Maybe not as much as some may think. The set of pictures on the labor market situation is not indicative of the sort of improvement that the drop in the unemployment rate, going below 8% for the first time since January 2009 when the rate was on the way up and reached the 7.8% mark, would normally attest.
The chart shows the regular rate of unemployment and the broader rate, U6.
Though the headline of the household survey looks “good”, the broader rate of unemployment, denoted U6 stayed put at 14.7%. The broader unemployment rate includes everyone in the official rate plus “marginally attached workers” — those who are neither working nor looking for work, but say they want a job and have looked for work recently; and people who are employed part-time for economic reasons, meaning they want full-time work but took a part-time job instead because that’s all they could find.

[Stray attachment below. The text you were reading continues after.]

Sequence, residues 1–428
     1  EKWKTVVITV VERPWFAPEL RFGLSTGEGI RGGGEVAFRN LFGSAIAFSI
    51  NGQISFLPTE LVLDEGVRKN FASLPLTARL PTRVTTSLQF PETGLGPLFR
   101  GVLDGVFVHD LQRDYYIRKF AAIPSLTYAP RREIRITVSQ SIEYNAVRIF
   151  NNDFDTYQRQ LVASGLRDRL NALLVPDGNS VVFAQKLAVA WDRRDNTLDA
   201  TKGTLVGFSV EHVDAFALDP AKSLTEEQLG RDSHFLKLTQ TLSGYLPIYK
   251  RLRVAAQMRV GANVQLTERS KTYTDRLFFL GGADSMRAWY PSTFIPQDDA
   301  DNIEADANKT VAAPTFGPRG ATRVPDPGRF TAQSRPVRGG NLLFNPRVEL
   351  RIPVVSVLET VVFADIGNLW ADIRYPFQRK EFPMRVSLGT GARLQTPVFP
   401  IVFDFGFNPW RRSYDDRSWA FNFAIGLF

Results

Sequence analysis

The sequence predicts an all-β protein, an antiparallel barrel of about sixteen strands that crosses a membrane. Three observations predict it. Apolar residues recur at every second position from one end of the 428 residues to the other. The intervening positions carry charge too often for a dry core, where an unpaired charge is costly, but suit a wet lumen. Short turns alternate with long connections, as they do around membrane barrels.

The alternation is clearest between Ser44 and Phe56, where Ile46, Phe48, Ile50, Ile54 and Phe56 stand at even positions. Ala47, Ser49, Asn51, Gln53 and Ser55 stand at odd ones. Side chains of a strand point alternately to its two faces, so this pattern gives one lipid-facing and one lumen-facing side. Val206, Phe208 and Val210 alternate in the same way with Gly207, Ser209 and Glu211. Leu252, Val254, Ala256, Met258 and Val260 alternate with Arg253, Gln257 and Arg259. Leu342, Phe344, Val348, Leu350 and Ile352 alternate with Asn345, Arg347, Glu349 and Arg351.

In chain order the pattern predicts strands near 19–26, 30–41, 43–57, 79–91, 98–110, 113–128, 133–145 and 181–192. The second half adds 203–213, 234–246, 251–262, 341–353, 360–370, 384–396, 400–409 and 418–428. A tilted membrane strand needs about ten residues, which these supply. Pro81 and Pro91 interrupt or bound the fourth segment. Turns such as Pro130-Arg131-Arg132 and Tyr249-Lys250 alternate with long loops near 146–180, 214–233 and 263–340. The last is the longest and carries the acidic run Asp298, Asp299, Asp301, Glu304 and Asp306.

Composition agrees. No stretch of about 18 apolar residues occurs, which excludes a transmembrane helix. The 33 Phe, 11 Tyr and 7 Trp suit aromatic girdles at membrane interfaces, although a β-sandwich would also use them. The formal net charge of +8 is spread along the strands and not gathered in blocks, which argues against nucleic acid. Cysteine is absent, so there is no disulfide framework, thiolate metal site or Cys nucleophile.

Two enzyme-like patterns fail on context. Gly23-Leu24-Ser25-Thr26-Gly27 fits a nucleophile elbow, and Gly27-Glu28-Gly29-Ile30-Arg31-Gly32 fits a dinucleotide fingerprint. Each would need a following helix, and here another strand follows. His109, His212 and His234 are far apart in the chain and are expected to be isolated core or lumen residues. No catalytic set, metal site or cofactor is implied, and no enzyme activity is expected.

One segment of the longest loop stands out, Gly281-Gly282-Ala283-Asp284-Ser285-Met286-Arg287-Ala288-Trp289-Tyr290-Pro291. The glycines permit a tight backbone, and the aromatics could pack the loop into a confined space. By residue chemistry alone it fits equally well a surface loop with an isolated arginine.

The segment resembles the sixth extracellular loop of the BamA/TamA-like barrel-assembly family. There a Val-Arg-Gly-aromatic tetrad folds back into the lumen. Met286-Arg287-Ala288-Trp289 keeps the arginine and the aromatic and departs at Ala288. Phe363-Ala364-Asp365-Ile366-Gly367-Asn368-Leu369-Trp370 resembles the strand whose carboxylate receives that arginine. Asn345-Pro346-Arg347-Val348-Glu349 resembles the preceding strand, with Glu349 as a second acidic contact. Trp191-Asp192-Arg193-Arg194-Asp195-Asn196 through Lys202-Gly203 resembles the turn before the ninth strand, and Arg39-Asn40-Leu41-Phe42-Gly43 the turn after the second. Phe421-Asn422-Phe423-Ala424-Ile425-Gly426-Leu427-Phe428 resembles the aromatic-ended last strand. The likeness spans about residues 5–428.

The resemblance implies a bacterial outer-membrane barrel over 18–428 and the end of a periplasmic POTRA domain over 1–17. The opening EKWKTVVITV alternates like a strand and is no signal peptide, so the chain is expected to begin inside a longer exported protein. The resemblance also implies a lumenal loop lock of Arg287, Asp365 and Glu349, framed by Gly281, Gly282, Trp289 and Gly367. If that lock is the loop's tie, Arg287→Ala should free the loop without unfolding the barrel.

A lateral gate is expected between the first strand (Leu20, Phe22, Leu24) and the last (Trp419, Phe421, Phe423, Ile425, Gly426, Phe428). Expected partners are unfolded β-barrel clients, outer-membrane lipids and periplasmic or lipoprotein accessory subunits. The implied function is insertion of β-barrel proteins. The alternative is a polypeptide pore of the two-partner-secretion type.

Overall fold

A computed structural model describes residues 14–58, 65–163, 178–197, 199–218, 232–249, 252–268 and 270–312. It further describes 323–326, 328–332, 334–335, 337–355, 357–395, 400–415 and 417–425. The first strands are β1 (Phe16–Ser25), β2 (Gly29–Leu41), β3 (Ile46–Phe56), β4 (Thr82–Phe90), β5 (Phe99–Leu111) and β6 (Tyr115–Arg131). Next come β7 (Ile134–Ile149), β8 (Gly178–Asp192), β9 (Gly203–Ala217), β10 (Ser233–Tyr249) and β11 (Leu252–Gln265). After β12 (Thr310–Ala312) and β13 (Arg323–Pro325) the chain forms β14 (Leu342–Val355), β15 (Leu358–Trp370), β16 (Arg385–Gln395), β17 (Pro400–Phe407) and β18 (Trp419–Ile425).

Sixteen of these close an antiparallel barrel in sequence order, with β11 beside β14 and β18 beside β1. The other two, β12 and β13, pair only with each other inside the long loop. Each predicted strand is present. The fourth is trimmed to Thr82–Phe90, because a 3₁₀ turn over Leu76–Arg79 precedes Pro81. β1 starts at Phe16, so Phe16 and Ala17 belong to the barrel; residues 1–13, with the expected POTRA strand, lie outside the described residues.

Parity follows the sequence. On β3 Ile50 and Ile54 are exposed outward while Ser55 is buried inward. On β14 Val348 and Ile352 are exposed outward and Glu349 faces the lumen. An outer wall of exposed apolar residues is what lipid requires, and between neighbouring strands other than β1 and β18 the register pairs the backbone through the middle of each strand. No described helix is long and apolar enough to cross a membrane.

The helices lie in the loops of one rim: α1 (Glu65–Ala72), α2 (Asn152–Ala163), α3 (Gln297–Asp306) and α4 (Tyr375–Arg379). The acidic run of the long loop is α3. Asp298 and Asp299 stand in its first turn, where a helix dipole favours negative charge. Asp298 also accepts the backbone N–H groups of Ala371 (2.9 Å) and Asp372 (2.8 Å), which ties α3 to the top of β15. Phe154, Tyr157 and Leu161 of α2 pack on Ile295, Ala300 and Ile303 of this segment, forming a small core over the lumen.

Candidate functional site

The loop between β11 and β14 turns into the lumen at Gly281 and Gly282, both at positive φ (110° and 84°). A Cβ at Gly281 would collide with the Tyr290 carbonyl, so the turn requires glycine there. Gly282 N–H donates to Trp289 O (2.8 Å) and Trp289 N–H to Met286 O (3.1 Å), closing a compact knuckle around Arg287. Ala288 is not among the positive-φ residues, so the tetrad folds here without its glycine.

In September there was a surge of part-time employment of almost 600 thousand (see chart), which represented a larger increase than the fall in the number of unemployed and the lion´s share of the increase in employment. This helps explain both the significant the drop in unemployment and the constancy of the U6 rate.
This means that much of the explanation for the drop in the unemployment rate is due to an increase in the number of “desperate” workers that will take anything offered. I know, it´s better than nothing but takes away some of the luster from the headline 7.8%.
The set of charts below help keep track of labor market developments. There´s not much reason for contentment.